Posted by: 4pack | March 5, 2009

“Ideal Shape”: Measuring Men’s Waist Circumference Might Be Superior To And Should Be Done In Addition To Body Mass Index (BMI) Is Accepted In “Assessing The Risk Of Death” By Medical Experts

 FOUR PACKS WANTS TO MAINTAIN IT’S HIGH LEVEL OF “CREDIBILITY” BY DEMONSTRATING THAT IT REVIEWS THE LATEST SCIENTIFIC AND MEDICAL RESEARCH COMING OUT ON OGGIES’ HEALTH ISSUES…THIS POST SHOWS THAT THE CENTRAL PREMISE OF “OBSERVED OVERALL HEALTH” OF MEN IS THE AMOUNT OF VISCERAL (I.E. BELLY FAT) FAT AROUND A MAN’S WAIST…AND DETERMINING WHERE TO MEASURE THE “GIRTH” IS PARAMOUNT…newenglandjournalofmedicine

“to measure waist circumference, locate the top of the right iliac crest. Place a measuring tape in a horizontal plane around the abdomen at the level of the iliac crest. Before reading the tape measure, ensure that the tape is snug but does not compress the skin and is parallel to the floor. Measurement is made at the end of a normal expiration.”

My recent study and a meta-analysis, both of which used cross-sectional data, provide support for the superiority of measures of central obesity — especially waist-to-height ratio — over BMI for discriminating the presence or absence of cardiologic and metabolic risk factors.

To the Editor: A challenging issue with the study reported on by Pischon et al. (Nov. 13 issue) is where to measure the waist. The accepted standard for measuring the waist circumference put forth by the third National Health and Nutrition Examination Surveys (NHANES III) protocol, as noted by Mahley in the Williams Textbook of Endocrinology, is: “to measure waist circumference, locate the top of the right iliac crest. Place a measuring tape in a horizontal plane around the abdomen at the level of the iliac crest. Before reading the tape measure, ensure that the tape is snug but does not compress the skin and is parallel to the floor. Measurement is made at the end of a normal expiration.” However, Pischon et al. report that in their study, “waist circumference was measured either at the narrowest circumference of the torso or at the midpoint between the lower ribs and the iliac crest.” International acceptance of measurement tools is paramount.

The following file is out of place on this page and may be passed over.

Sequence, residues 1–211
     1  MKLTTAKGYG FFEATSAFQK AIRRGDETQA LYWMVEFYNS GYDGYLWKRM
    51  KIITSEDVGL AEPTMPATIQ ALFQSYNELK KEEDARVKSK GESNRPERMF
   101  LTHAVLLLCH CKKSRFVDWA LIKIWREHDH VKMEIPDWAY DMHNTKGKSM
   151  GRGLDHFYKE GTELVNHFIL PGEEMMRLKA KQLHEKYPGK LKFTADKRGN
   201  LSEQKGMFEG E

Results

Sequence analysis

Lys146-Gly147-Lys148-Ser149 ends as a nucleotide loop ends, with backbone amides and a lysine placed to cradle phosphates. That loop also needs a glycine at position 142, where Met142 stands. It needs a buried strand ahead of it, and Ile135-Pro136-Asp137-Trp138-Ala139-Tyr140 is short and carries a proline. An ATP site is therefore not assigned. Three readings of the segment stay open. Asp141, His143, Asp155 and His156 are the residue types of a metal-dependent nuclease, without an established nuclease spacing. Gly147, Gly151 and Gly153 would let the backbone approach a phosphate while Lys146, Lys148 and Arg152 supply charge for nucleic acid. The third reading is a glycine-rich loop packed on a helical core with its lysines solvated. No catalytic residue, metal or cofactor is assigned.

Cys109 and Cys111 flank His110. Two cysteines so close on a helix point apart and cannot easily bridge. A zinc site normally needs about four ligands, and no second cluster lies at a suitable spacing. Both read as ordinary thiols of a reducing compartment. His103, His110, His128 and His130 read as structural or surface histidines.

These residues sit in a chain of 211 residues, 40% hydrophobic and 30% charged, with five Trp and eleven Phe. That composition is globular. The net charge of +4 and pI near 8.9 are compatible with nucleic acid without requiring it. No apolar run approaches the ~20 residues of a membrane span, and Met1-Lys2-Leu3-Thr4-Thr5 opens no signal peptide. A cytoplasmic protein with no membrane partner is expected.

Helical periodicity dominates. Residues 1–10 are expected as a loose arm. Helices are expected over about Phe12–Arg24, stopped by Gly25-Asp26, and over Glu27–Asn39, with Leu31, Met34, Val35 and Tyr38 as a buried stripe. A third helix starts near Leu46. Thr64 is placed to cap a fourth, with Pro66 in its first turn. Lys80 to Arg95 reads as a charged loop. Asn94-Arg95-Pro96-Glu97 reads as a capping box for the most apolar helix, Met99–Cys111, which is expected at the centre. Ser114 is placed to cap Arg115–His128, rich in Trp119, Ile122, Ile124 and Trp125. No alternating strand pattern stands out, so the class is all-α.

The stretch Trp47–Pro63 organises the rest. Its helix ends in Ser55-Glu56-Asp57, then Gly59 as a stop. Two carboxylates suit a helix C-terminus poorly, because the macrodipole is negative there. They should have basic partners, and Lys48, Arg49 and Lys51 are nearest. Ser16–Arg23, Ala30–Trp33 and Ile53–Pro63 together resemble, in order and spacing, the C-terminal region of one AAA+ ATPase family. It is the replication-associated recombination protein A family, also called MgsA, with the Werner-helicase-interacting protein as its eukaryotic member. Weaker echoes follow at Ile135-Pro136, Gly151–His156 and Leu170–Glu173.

Margaret M. Gaglione, M.D.
Tidewater Bariatrics
Chesapeake, VA 23320

doctor@twb4u.com

 

 

 

 

 To the Editor: Pischon et al. support the use of waist circumference or waist-to-hip ratio in addition to body-mass index (BMI) in assessing the risk of death. Engeland et al. found that height is inversely associated with mortality among men and to some degree among women. My recent study and a meta-analysis, both of which used cross-sectional data, provide support for the superiority of measures of central obesity — especially waist-to-height ratio — over BMI for discriminating the presence or absence of cardiologic and metabolic risk factors. Pischon et al. appropriately adjusted for height when calculating the mortality risk associated with anthropometric indexes. It would be helpful if the authors would determine the relative risk of death according to waist-to-height ratio and its comparison with other anthropometric data. For a fair comparison, height should not be adjusted for other studied anthropometric indexes. Pischon et al. indicated that they observed no significant association between hip circumference and mortality risk. Larger hip circumference was shown to be an independent predictor of a lower mortality rate in a Swedish female cohort. Did Pischon et al. confirm that?
Ahmet Selçuk Can, M.D.
Gayrettepe Florence Nightingale Hospital
34349 Istanbul, Turkey
 
 
 
 

 

 

selcukcan@endokrinoloji.com

 
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